The former political science lecturer says he doesn’t hold an official pracharak rank in the RSS but does all that he can to promote the organisation. Apart from spending most of his time travelling across the country to promote RSS, Khan has taken a vow to remain a bachelor.
Dhamkiyaan aati hain ki Hinduon se mil gaye ho, Islam ke khilaaf jaa rahe ho…
— Faiz Khan
“I do three to nine days long gau gaatha programs in which I sing mythological tales on cow from Gita and Puranas. Most of the verses are in Awadhi and Sanskrit. People used to, and still do, get irritated by presence of a Muslim on a stage presenting a gau gaatha, but after listening to me for 5 minutes, everyone’s doubts melt away.”
As a practicing Muslim, Khan keeps fast for all 30 days of Ramzan, but has no problem with the fact that Sangh Parivar leaders led the karsevaks who demolished Babri Mosque in 1992. “Absolutely not. Flow tha, ho gaya (It was a flow of anger in which Babri Masjid got washed away). RSS has never destroyed any place of worship.”
Khan says Ram Mandir should be built on the disputed site because Ram is not only the “symbol of Indian civilisation” but also the “ancestor of all Indians, including Muslims”.
Khan says practices such as triple talaaq are a “blot of shame” on the whole community. “There has been a policy of appeasement with Muslims since Independence, which needs to be corrected. Some people are trying to create a wedge by making the Muslims feel insecure. This is the work of select media houses. Among the thousands of Muslims in RSS, there is no doubt about the intentions of the Sangh.”
Zakir Mansoori, 37, businessman, Barwani, Madhya Pradesh
The 36-year-old dealer of spare auto parts was never uninitiated to the Sangh. His mother, former BJP councilor in Barwani, had close links with Sangh leaders.
He studied in Saraswati Shishu Mandir and started attending Shakhas early on. By 2004-05, he had completed a two-year course on RSS ideology. As district head of RSS, he oversees all shakhas in region while trying to start new ones.
But his community remains unimpressed. “Whenever we do something good, there are adverse reactions to it. My Muslim community members, who oppose me, are living in denial. I have been brought up with Brahmin families and I know how kind and considerate they are.”
A Shia Muslim, Mansoori offers daily namaaz but doesn’t attend the Muharram processions. “It is totally unruly. I am against it.”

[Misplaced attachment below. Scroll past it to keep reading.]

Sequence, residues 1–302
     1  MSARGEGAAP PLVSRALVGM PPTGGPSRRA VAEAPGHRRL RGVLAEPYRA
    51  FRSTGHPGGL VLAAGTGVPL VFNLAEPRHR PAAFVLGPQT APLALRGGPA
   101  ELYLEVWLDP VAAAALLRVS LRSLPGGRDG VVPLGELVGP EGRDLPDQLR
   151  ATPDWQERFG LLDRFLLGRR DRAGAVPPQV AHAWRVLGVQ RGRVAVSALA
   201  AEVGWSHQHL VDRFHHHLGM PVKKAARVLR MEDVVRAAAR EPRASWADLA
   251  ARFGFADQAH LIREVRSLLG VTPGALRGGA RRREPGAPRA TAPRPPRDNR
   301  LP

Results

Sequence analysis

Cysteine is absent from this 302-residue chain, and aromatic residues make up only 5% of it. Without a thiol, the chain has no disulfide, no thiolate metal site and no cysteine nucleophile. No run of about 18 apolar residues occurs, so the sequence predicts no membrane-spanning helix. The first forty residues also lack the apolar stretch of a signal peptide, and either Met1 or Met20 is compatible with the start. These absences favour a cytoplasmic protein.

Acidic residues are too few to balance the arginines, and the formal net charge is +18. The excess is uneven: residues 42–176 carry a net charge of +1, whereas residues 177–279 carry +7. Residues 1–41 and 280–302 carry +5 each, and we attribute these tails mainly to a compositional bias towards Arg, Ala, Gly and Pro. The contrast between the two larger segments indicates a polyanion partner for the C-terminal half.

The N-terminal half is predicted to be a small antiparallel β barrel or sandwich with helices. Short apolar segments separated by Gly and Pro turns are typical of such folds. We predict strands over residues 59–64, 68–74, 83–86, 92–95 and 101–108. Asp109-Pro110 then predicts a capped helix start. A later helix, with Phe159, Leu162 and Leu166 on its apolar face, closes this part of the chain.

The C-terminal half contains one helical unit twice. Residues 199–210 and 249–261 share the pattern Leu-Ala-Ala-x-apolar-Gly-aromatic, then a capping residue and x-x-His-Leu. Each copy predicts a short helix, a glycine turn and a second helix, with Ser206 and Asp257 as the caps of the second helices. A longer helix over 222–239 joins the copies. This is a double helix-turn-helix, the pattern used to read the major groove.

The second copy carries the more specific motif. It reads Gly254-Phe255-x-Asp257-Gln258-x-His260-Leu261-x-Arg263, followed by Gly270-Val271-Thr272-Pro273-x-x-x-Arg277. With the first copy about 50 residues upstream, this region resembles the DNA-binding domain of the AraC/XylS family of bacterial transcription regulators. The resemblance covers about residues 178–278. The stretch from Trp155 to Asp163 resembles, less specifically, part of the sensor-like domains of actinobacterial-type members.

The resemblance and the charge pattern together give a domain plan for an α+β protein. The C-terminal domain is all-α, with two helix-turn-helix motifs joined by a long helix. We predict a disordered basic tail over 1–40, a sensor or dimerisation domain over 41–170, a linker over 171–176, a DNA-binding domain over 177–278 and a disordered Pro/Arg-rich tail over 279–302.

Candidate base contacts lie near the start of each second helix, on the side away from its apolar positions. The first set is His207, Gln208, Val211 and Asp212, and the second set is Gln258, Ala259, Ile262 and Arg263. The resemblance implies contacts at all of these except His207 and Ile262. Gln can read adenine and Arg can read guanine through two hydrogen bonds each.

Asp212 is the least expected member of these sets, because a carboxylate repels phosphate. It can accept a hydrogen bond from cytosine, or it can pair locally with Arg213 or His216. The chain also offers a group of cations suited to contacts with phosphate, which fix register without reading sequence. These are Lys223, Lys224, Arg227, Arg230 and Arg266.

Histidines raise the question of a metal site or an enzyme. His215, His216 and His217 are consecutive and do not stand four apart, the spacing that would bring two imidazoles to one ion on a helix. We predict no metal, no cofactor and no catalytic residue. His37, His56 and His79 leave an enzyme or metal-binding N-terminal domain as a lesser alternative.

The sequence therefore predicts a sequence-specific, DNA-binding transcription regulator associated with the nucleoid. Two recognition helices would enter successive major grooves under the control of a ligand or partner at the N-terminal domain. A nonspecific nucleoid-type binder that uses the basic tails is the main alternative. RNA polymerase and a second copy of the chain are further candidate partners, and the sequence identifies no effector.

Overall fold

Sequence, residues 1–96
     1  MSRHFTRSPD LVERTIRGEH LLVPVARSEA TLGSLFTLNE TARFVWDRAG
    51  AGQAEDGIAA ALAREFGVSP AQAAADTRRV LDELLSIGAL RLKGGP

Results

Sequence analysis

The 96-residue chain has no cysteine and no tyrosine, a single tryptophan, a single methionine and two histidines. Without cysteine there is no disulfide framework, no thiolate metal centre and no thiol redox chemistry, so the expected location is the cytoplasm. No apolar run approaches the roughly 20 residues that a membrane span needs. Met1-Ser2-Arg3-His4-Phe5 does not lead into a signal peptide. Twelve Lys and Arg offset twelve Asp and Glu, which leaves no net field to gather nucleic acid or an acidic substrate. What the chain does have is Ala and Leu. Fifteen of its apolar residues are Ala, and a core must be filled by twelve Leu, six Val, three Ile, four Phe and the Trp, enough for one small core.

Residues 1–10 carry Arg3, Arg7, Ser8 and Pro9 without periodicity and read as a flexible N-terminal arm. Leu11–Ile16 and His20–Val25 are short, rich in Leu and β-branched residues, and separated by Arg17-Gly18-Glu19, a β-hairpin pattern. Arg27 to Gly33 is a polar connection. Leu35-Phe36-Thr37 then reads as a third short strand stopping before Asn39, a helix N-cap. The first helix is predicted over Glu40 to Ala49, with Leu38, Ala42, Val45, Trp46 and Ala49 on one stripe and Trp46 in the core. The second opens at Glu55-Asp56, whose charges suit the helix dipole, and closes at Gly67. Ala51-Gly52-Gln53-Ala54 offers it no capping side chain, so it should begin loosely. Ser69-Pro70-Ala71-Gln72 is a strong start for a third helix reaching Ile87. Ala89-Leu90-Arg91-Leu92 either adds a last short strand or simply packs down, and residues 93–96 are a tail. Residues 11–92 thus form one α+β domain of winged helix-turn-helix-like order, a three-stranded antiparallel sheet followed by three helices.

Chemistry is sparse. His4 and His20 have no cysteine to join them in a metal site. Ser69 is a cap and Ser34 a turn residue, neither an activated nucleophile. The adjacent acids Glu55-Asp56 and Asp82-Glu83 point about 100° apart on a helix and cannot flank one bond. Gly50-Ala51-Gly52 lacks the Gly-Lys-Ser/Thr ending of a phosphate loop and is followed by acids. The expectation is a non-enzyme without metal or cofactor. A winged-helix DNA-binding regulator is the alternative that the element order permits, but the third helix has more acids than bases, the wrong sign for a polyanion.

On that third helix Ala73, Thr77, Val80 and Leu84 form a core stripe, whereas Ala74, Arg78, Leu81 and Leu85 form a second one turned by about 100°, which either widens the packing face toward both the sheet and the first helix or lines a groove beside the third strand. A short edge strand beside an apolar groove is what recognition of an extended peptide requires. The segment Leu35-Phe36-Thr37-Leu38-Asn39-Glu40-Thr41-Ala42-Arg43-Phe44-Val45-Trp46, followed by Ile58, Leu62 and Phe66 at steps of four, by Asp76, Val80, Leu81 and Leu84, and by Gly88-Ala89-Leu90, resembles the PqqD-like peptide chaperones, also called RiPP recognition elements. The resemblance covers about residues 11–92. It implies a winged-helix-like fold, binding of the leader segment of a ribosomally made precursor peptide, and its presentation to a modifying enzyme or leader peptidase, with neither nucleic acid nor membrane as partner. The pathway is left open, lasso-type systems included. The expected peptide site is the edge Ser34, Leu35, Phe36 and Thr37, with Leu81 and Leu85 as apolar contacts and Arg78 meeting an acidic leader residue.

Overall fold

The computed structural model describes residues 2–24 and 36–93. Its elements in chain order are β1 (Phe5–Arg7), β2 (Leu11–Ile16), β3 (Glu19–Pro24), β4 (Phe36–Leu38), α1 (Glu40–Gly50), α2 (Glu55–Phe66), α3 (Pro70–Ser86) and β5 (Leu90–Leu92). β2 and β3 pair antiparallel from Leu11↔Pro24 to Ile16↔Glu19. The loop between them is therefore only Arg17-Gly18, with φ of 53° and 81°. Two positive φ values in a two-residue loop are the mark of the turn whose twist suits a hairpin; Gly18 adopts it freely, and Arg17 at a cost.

There is no need to eat meat.
— Zakir Mansoori
On Ram Temple, he says, “A true Muslim can offer prayers even in a jungle. He doesn’t need Babri. But Ram Lalla’s place is in Ram Mandir. It is the holy place for Hindus. There is no doubt that Ram Mandir should be built there.”
He goes a step ahead and proposes that Indian Muslims should turn vegetarians to avoid hurting sentiments of Hindus. “In ancient times, there was a paucity of food. We couldn’t farm. But now that we can, there is no need to eat meat.” Mansoori also supports Uniform Civil Code and says there should be one law applicable to all citizens.
CI Isaac, 65, retired professor, Kottayam, Kerala
The 65-year-old retired professor of history from Kottayam’s CMS College doesn’t see any conflict between being a Christian and an RSS leader. Isaac joined ABVP in 1975 and shakhas are as much a part of his routine as the Sunday mass at the neighbourhood church.
“I was attracted to their commitment to national and social interest. I realised that they are more secular than those who claim to be secular. On one of the Sundays, an RSS man drove me to the Church for my prayers. My faith is not a problem for them.”
Isaac says his wife has also become an active member of the Sangh. The couple uses spare time and social events in the community to talk about RSS. “I tell them the values that RSS stands for. I tell them that there is no difference between Christianity and Hinduism — we believe in the oneness of god.”
Isaac feels that Ayodhya is the Mecca of Hindus and therefore strongly believes in construction of Ram Temple at the site, “Hindus cannot be denied their holy site.”